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The re-purposed telephone booths are fantastic. Al pointed out that most people under the age of 25 can’t even guess what they were used for.

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In what started a trend that we kept most of the weekend, most of the buildings have very stylish mailboxes that had to be photographed.

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Grant Street in Pittsburgh used to have a large ‘hump’. In 1914 this hump was taken out, but as a result what used to be a ground level entrance sudden was 15’ in the air, so any building that pre-dates the removal had to be retrofitted with a new entrance in what was the basements. The Frick Building is one of those buildings, having been completed in 1902.

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As a result the second floor/mezzanine level has a very ornate elevator lobby since it used to be the primary entrance.

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The elevator doors are a piece of art in themselves.

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One final look at the lobby; a stained glass window by John LaFarge titled Fortune and Her Wheel.

Whatever history thinks of Henry Clay Frick, he did build an amazing building. Thanks to Al we had a great tour of the lobbies.

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Benedum Trees Building – Our first ‘official’ visit was to the Benedum-Trees Building. I had been fortunate enough to secure ‘insider tour’ tickets for this building, with a visit to the 18th floor to visit the offices of the Benter Foundation.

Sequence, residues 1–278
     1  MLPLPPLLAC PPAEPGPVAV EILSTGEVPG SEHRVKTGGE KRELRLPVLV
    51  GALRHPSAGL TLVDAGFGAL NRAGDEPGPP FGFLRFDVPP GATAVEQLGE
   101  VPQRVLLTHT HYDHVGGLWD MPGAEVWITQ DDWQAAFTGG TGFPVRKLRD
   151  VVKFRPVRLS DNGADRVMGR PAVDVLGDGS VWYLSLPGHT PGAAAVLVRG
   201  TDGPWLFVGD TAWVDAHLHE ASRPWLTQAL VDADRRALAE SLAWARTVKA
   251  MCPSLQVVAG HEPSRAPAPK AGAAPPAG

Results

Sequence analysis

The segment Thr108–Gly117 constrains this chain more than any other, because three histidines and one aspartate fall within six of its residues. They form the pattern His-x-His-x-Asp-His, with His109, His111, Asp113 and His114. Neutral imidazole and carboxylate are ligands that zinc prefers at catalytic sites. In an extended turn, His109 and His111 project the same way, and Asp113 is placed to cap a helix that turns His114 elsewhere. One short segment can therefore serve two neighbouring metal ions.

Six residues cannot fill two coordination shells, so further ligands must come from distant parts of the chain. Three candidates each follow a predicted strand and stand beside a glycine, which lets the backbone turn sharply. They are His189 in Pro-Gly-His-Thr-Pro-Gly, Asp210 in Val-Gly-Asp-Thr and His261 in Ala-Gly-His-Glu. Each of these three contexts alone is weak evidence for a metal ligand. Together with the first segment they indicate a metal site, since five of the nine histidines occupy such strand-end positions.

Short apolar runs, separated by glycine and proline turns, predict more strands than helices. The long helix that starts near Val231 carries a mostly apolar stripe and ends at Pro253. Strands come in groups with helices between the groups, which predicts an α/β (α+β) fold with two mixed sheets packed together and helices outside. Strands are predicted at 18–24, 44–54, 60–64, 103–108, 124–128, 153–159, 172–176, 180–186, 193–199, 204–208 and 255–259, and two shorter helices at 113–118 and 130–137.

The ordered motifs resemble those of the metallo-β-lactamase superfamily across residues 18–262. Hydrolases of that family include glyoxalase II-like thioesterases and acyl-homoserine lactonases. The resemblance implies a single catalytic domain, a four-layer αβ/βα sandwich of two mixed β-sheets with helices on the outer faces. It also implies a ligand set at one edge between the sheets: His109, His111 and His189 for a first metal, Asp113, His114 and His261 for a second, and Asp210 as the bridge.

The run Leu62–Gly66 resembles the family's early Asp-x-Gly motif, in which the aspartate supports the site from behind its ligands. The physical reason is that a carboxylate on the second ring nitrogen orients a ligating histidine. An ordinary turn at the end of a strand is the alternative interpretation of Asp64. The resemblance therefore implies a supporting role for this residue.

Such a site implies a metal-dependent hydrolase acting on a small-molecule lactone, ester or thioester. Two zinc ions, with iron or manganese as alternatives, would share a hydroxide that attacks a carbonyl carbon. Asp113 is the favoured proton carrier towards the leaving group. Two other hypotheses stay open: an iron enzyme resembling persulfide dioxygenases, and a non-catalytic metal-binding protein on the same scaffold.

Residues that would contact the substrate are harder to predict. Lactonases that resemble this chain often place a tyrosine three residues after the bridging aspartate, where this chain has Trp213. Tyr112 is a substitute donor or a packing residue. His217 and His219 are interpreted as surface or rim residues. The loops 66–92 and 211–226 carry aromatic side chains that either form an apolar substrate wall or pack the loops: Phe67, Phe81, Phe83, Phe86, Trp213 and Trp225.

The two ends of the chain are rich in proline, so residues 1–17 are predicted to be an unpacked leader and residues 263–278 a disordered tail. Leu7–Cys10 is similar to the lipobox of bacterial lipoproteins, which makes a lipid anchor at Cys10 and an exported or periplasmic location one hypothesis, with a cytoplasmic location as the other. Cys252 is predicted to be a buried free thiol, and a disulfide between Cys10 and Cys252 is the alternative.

The 19 story building was completed in 1905 along the Fourth Avenue financial district. The name came from the Benedum Trees Oil Company, founded by Mike Benedum and Joe Trees in the early 1900s.

Our tour started in the lobby with another classic mailbox, along with the building directory sign and some great lighting.

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We then headed up to the 18th floor.

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Our visit was topped off (literally) by checking out the roof top terrace, with commanding views around downtown – despite being somewhat surrounded by newer, taller buildings.

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Later that afternoon we were able to look back from Mt Washington to see where we had been.

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Bank Tower Building – Completed in 1902 as the Peoples Savings Bank Building, the Bank Towers exterior features figures carved by John Massey Rhind.

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Easily the most impressive feature of the building is the spiral staircase that goes the entire 16 floors.

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A very nice bonus to this stop was visiting the offices of MCF Architects, where one of the principals showed us the offices, and some of the amazing work they have completed, as well as historic drawings they have.

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Their security gate is modeled after da Vinci’s Vitruvian Man.

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Dollar Bank – Designed by Isaac Hobbs & Sons of Philadelphia in the late 1860s, the Dollar Bank Building on Fourth Avenue is built primarily out of brownstone. Hobbs was known for his ornate design of houses, and it is clear it was carried over to this design.

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Built in the Beaux Arts style, it’s most famous exterior feature are the large lion sculptures, symbolizing a ‘guardianship of the people’s money’.

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The original lions are located inside the building.

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The lobby is impressive, and is used to this day for it’s original purpose, a bank.

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The Park Building – We spent most of our time at the Park Building staring up at the cornices.

Built in 1896, this 15 floor building depicts men kneeling, holding up the building. We have seen this used previously, most recently in the ‘Ruins’ in Indianapolis.

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continued in the next 3 postings.

 

 

New York City – September 2018 – Historic Skyscraper Details